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The news site of Glenbrook South High School.

The Oracle

The news site of Glenbrook South High School.

The Oracle

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Evolving Passover Celebrations

Students reflect on freedom, tradition, unity

Sophomore Sienna Gilles’ family gathers around the dinner table laughing, smiling, and enjoying each other’s presence. As the conversation continues, she awaits her favorite food: the Charoset, a dish that combines fresh apples, spicy cinnamon, crunchy walnuts, and wine to create  the perfect level of sweetness.

They sit together for the Seder, the ceremony conducted before eating during the first two nights of Passover, retelling the story of Exodus, the liberation of the Israelites from slavery in Egypt, with various foods on the Seder plate. Once completed, the feast begins.

Passover is a Jewish holiday celebrated for eight days following the first full moon in the Hebrew calendar month of Nissan, senior Joshua Zingerman, Jewish Student Union (JSU) member, explained.

“[Passover] is there to remind us of the difficulties and challenges that our ancestors faced,” Zingerman said.

The traditional Seder dinner is done on the first two nights of Passover, where the family gathers and commemorates the Ten Deadly Plagues that God sent to the Egyptians to urge them to release the Jews, Hillel Crandus, English Teacher and JSU sponsor, explained. Aside from serving as a celebration of liberation, Passover is also meant to be a time to replenish the household, specifically the kitchen, food, and dishes, Crandus said.

“We have to prepare all new food and we use different dishes because you [are] not supposed to use the normal yearly dishes you have,” Crandus said. “The whole kitchen is turned over.”

During the eight days of Passover, depending on the family, all yeast-made foods are taken out of the house to prepare for the coming days, Crandus explained. The foods are then replaced with yeast-free bread known as Matzah, he added.

“Passover is [a difficult] holiday there is [because] you start by cleaning up the whole house,” Crandus said. “You have to get rid of all the bread [and] all the leavening agents.”

Each food on the Seder plate is symbolic of Jewish history, Crandus explained. The Charoset represents the clay bricks the Israelites were forced to use, and parsley is dipped in salt water to represent their tears, he said. Crandus associates the holiday with all the familiar smells and tastes that create unique sensations.

“[I have] this really powerful sensory connection to that moment [of] the year,” Crandus said. “I always get anticipatory right before I’m about to dip the parsley in the salt water.”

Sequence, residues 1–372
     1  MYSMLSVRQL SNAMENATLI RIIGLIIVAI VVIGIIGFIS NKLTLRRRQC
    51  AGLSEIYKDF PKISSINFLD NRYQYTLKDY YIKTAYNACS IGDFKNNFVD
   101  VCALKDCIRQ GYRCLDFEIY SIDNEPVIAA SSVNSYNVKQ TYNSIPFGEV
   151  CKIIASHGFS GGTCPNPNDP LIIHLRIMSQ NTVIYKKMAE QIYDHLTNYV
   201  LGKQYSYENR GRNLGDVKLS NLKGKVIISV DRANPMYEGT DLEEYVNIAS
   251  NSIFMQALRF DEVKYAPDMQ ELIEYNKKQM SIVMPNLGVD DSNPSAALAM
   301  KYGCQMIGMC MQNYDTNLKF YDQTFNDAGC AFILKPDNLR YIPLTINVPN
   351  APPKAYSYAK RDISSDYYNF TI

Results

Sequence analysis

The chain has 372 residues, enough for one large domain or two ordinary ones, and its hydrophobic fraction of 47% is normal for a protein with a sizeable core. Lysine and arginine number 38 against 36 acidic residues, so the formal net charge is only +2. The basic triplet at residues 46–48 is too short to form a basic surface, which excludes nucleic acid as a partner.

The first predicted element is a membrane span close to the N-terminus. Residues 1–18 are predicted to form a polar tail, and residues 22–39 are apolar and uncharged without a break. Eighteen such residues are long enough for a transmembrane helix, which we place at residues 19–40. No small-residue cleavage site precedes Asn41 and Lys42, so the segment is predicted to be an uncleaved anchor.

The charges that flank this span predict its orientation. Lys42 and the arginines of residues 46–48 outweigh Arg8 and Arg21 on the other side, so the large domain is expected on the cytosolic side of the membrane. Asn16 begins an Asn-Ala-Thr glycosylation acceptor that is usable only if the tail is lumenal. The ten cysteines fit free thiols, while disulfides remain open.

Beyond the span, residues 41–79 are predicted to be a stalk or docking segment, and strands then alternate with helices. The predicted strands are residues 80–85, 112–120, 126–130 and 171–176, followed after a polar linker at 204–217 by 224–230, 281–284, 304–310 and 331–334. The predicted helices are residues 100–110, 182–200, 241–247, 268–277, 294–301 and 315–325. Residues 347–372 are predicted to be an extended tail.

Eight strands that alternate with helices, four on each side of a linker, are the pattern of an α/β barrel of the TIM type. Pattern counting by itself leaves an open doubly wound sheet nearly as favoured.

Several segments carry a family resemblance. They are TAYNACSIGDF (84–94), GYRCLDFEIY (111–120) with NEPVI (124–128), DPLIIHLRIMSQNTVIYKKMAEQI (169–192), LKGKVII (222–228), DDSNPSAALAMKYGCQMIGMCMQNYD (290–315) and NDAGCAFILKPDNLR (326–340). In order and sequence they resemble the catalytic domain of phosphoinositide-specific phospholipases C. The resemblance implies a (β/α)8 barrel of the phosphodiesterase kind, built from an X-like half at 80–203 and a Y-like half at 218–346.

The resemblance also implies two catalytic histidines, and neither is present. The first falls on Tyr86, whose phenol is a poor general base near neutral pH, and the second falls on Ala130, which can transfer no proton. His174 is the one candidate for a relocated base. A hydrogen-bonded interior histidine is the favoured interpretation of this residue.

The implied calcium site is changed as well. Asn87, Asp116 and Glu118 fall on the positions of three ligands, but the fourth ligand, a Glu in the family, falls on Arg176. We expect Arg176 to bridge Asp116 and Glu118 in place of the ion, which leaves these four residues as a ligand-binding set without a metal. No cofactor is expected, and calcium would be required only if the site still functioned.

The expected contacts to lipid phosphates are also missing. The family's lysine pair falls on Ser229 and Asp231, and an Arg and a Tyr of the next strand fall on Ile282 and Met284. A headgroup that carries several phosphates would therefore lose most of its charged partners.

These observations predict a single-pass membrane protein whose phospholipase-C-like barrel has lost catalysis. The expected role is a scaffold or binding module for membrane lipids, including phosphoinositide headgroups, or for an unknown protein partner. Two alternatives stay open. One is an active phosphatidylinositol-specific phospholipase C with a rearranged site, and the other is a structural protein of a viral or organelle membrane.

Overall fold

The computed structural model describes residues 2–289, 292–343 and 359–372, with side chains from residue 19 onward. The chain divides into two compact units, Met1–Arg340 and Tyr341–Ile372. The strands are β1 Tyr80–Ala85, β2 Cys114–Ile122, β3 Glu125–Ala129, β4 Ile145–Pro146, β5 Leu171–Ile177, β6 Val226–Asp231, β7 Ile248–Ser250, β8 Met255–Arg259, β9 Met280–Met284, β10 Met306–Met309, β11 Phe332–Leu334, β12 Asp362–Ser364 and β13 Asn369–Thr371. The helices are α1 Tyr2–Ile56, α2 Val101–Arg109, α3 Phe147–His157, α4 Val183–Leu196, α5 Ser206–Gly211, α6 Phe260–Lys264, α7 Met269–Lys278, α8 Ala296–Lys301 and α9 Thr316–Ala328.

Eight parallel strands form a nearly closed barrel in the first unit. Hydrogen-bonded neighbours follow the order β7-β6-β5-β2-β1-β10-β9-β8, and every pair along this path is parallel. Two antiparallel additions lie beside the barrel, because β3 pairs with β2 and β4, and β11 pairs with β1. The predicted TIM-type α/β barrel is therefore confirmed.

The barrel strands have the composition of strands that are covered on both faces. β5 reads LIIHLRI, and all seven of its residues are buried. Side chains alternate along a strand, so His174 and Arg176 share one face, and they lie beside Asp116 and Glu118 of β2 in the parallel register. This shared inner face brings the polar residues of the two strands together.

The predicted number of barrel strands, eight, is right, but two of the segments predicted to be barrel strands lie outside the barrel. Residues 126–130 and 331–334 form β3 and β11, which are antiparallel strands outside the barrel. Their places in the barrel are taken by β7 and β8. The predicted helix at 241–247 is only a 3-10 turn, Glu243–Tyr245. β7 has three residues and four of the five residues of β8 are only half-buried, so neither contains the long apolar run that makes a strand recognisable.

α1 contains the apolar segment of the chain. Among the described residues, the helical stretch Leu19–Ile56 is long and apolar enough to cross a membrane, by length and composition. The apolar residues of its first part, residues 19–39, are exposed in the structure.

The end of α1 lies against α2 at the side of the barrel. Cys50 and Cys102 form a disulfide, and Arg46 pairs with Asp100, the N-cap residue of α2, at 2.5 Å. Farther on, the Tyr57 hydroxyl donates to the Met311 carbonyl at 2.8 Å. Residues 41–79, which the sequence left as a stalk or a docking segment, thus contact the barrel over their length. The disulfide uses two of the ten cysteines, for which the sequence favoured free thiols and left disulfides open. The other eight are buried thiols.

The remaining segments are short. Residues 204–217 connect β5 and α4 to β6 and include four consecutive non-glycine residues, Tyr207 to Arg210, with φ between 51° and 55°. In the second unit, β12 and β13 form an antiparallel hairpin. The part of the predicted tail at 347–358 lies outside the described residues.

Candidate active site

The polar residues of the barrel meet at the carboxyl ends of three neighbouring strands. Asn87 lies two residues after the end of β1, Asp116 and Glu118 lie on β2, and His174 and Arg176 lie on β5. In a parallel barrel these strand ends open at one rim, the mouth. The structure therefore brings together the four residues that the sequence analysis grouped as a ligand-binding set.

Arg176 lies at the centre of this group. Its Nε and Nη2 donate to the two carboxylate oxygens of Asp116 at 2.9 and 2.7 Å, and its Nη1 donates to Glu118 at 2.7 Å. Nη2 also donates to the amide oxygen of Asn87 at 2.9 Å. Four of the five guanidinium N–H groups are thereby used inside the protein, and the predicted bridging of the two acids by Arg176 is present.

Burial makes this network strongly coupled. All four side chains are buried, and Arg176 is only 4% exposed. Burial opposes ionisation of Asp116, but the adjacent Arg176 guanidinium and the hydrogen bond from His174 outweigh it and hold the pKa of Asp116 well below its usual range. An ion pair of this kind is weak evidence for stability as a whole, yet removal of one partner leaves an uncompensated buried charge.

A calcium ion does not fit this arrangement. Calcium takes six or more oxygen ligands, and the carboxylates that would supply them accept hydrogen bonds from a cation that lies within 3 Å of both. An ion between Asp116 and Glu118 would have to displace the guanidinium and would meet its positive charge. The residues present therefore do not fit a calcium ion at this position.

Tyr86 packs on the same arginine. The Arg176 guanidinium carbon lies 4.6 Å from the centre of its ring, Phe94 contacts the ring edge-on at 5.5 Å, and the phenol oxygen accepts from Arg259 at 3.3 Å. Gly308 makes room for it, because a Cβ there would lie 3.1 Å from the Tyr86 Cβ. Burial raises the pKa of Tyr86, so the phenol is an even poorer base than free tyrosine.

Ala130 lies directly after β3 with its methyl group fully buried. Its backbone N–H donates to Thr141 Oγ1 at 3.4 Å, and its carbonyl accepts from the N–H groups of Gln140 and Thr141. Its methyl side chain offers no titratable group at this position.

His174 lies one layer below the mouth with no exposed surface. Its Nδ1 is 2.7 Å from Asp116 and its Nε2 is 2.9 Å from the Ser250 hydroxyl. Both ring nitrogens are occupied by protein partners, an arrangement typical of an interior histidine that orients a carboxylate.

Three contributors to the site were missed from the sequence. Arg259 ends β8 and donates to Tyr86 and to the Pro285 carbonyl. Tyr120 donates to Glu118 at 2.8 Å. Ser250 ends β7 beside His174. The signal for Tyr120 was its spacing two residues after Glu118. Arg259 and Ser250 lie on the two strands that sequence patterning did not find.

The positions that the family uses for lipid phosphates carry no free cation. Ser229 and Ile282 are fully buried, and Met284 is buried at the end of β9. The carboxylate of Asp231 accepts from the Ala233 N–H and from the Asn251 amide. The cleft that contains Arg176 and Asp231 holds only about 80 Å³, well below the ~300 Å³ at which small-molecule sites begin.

JSU emphasizes Passover’s importance at South and creates a community to celebrate within, Zingerman said. JSU always does something to commemorate the holiday each year. Each year, the club invites a Rabbi to tell the story behind the holiday, Crandus said. The club also allows students to share their traditions and helps strengthen their community, he explained.

“It’s nice for [JSU] to have a community of people who share the same experience,” Crandus said. “It’s nice to hear how a lot of our traditions are similar, but also different tweaks to the traditions.”

A popular tradition in the Zingerman household, the Afikomen is a piece of Matzah split into pieces and hidden around the house for the family’s children to find, he described. It was a tradition Zingerman and his sister enjoyed as kids, he added.

“My sister and I would spend 30 minutes chasing around the house looking in every crevice, every bookshelf, under every couch for all these pieces of Matzah wrapped in paper towel,” Zingerman said. “Whoever found the most won.”

Passover traditions may change as celebrators age, Crandus said. As Zingerman got older, his family began to relax around the Seder traditions. While he loved how Passover was when he was younger, he now reflects on the holiday in a deeper sense and shows his gratitude more distinctly.

“We’ve kind of loosened up [our traditions] not because of a loss of faith, but because we’ve come to [realize] that [celebrating] is more about the moral of Passover [and] having the opportunity to be thankful for coming together as a family,” Zingerman said.

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